The Mysore Cooperative Housing Society is a landmark colony in Mumbai’s Chembur area. An oasis in the crowded city, it comprises over 100 bungalows and many lush green spaces across several acres of land. This is no antidote for all of Mumbai’s problems, of course. Like all large communities, it also needs to deal with the growing footfall at the gate, the threat of water-borne disease, and much else, particularly given that the majority of residents here are senior citizens.
Jayaram Sharma, who has been the Chairman of the society for four years and has lived here since the 1960s, discussed with us the various ways in which the 10-member management committee ensures a healthy, secure, and happy community.
What is the role that the management committee plays at The Mysore Co-operative Housing Society?
The majority of residents here are in their sixties and typically live alone. Therefore, the management committee’s job is to provide every assistance to ensure their lives run smoothly. To give you a few examples of what we do:
- The housekeeping staff cleans common areas regularly and are also trained on waste segregation;
- We maintain gym and yoga facilities and encourage our residents to leverage these for better health;
- Each house within the community has a water sump to battle water scarcity; we offer tank cleaning facility twice a year;
- We arrange regular pest control activities to keep mosquitoes and other insects at bay;
- The last Saturday of every month is dedicated to a community gathering with snacks and music;
- We have provided Optical Fibre-based connectivity to each house, which means residents get internet access.;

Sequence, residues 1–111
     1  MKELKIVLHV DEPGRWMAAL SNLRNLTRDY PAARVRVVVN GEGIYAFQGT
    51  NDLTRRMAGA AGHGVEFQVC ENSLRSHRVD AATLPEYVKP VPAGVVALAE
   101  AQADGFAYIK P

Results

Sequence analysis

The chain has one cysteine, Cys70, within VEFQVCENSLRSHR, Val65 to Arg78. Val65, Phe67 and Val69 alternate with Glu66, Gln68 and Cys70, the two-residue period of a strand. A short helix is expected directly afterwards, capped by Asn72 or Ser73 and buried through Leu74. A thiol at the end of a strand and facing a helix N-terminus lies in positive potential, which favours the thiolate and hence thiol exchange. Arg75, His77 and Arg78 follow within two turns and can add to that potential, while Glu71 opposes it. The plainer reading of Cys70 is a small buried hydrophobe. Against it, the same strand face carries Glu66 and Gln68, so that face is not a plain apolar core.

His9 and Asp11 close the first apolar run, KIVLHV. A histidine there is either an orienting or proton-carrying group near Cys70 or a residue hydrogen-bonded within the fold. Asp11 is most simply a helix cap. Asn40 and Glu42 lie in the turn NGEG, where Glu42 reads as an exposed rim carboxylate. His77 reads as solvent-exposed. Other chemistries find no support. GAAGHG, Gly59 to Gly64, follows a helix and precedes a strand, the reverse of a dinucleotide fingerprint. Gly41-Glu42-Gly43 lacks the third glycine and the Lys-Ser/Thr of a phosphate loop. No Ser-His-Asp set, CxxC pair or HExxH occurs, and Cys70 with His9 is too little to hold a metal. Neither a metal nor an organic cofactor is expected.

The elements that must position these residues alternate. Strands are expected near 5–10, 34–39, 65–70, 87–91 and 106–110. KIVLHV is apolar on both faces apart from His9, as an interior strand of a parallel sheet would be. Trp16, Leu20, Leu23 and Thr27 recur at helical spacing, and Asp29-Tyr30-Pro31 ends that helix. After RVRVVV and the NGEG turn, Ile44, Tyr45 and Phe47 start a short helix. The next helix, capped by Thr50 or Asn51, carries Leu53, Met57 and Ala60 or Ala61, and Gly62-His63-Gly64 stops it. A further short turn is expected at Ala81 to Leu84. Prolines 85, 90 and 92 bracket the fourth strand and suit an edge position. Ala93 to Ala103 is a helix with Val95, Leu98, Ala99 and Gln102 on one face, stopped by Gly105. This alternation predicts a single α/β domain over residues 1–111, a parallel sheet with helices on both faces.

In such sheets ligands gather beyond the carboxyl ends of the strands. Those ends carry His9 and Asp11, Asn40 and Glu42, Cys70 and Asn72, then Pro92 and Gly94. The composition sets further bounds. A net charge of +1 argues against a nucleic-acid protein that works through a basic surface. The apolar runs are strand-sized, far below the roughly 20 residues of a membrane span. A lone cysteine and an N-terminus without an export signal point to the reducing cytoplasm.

- We also have a wet waste management system that is used to compost green waste.
All of this is done at a very low maintenance charge.
What measures have been taken to increase security?
There are about 24 CCTV cameras installed across the premises. To ensure foolproof security, we regularly monitor them to identify any abnormal activity and take necessary action. Each home has an intercom facility. In case of an emergency, the residents can press 1 and get in touch with security instantly.
Also, our society is surrounded by lush green gardens with walkways for the elderly to walk and jog. There have been instances in the past when the residents have tripped or slipped while walking around. In order to avoid this, we have installed rubber tiles to offer a slip-resistant experience.
What made the committee feel the need for a solution like MyGate?
With an ever-increasing footfall of unidentified faces at the society main gate – cab, taxi, and rickshaw drivers, and other household staff – security is our primary concern. We were looking to adopt a system that could help us with better visibility as to who is entering the gate and being allowed access on a daily basis.
Broadcasting communications across the society members was another area of concern as most of the announcements would happen on WhatsApp and residents would tend to miss. We are leveraging MyGate’s Notice Board feature to avoid any loss in translation.
Additionally, we were looking to integrate some kind of technology with existing CCTV cameras that would allow easy entry for vehicles with automatic boom barriers. This is where we find MyGate’s ANPR feature extremely helpful and our discussions to implement it are in the final phase.
What are the challenges you face as a member of the committee?
In a society with our kind of demographics, the biggest challenge is bringing about a behavioural shift – whether it is the residents who are used to a certain kind of lifestyle for decades and prefer it that way or the security guards who are accustomed to saluting familiar faces and letting them walk in and out of the society without questioning them.
In such an environment, trying to introduce a modern system requires a radical shift in mindset. But still, we are off to a good start and with user-friendly, intuitive solutions like MyGate, we will arrive soon!